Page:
The robots are coming. Not to battle for world domination – but to clean solar panels at desert generating sites.
Greenbotics’ mobile robots clean solar panels with brushes and water, and are designed to replace pressure washing, which the company estimates costs 60 cents to $1 a panel.
“We beat that significantly,” said Marc Grossman, the company’s chief executive and co-founder. He said he could cut cleaning costs in half.
The number of panels at a solar farm could range from 200,000 to 1 million, making cleaning expensive.
Greenbotics plans to rent out its robots and staff for cleaning projects. Two operators will lift the robots onto a row of panels, with each row typically having 200 panels. The robots will clean the row and return. The operators will refill them with cleaning fluid and then lift them onto the next row. The solar panels need cleaning several times a year; clean panels are more efficient.
This month, Greenbotics was awarded more than $70,000 in prize money by the Energy Department as part of a Caltech program and two UCLA programs. The company plans to use the money to file patents and expand production.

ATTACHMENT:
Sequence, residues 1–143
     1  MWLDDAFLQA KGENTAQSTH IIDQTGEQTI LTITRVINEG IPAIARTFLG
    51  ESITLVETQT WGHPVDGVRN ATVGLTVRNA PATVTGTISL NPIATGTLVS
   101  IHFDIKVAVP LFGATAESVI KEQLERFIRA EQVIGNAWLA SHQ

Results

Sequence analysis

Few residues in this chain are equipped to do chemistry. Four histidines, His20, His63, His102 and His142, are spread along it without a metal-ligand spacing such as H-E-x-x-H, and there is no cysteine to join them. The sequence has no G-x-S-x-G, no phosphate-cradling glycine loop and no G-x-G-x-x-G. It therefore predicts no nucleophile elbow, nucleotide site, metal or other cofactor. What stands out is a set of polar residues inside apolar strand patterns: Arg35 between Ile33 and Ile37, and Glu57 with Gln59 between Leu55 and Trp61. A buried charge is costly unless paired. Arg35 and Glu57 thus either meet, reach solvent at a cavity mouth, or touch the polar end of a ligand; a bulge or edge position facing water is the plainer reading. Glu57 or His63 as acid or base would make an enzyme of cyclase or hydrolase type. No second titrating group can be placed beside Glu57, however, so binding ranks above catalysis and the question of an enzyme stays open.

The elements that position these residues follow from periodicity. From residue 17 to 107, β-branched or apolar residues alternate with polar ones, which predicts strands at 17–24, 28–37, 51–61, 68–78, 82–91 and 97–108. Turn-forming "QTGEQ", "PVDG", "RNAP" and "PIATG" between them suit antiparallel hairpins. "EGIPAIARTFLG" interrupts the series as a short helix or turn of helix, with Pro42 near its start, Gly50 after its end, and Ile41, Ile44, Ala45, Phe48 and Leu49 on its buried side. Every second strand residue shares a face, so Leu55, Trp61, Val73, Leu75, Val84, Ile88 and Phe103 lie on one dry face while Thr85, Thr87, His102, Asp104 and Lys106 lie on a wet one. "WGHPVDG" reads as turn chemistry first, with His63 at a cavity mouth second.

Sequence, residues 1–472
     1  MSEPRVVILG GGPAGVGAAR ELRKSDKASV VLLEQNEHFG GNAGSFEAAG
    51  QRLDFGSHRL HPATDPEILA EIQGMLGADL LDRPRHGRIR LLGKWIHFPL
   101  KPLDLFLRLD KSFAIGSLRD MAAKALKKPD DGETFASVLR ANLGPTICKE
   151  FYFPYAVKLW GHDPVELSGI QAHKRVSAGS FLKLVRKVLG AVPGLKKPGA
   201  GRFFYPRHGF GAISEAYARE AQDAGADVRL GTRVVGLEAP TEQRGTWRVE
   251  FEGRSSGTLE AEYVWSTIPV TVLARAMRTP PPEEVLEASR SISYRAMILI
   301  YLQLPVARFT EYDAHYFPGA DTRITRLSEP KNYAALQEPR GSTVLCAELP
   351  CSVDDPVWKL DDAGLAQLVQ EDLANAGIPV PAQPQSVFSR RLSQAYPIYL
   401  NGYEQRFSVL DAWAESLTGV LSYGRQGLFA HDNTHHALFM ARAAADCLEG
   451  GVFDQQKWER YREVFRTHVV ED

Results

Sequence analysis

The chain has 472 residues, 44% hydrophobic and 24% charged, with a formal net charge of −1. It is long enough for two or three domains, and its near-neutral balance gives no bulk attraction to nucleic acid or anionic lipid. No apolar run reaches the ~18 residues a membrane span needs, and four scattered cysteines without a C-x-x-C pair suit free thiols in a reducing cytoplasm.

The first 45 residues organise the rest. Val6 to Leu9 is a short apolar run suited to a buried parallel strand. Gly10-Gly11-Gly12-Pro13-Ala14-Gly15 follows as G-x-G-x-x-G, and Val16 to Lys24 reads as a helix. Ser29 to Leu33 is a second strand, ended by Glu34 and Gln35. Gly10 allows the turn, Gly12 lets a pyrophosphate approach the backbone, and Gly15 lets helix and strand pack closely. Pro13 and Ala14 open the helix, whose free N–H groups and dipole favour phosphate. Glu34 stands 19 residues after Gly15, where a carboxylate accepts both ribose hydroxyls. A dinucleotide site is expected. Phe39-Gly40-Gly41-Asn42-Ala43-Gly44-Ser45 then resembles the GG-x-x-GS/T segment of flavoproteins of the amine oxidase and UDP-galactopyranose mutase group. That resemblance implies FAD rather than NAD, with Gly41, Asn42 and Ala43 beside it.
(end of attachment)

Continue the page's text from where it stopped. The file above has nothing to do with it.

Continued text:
Grossman and a co-founder, Cedric Jeanty, are based in Davis. Another co-founder, Kyle Cobb, is in Santa Monica. Jeanty and Grossman previously worked together at eSolar, a Burbank solar developer, where they designed cleaning systems.
The company is working to secure its first clients and Grossman hopes it will be profitable by summer.
Greenbotics executives will travel to the White House next month to showcase the company to Dr. Steven Chu, the Energy Department secretary, as part of one of the prizes.
“We’ve realized over the course of these competitions that this idea has tremendous potential,” Cobb said. “Now we can actively invest in pursuing new customers.”
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